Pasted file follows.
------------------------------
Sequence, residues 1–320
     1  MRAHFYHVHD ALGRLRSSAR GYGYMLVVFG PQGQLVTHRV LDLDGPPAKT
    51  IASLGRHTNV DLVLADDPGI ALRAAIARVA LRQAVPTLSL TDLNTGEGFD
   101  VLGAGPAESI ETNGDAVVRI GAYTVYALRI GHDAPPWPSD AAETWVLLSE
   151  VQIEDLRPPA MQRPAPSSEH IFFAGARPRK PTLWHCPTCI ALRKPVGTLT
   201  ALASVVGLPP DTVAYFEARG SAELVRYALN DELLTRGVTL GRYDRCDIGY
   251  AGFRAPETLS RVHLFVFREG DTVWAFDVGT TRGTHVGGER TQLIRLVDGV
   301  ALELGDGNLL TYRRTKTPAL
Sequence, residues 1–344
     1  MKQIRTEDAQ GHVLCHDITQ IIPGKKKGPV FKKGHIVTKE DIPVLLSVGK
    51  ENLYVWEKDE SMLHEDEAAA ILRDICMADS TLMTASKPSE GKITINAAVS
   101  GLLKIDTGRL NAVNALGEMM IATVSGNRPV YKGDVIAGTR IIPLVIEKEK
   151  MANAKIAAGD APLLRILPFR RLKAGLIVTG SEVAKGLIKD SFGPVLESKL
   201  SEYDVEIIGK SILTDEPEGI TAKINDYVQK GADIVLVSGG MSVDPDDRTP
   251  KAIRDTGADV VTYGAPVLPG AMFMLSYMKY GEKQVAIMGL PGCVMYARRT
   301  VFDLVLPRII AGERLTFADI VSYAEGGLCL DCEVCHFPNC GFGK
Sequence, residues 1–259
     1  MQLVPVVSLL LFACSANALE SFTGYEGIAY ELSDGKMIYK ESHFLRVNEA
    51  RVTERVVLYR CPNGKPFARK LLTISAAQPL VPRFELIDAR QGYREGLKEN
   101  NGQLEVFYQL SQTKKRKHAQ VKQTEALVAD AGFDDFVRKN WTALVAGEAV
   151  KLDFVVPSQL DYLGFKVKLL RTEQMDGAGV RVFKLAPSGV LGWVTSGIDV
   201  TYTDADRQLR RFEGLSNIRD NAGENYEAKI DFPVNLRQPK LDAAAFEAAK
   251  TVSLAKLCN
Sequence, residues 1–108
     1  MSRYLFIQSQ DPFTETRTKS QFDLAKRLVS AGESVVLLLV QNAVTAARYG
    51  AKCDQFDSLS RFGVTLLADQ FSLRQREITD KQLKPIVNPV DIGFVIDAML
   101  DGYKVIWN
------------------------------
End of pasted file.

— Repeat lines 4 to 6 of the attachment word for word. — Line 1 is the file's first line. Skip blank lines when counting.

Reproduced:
   101  VLGAGPAESI ETNGDAVVRI GAYTVYALRI GHDAPPWPSD AAETWVLLSE
   151  VQIEDLRPPA MQRPAPSSEH IFFAGARPRK PTLWHCPTCI ALRKPVGTLT
   201  ALASVVGLPP DTVAYFEARG SAELVRYALN DELLTRGVTL GRYDRCDIGY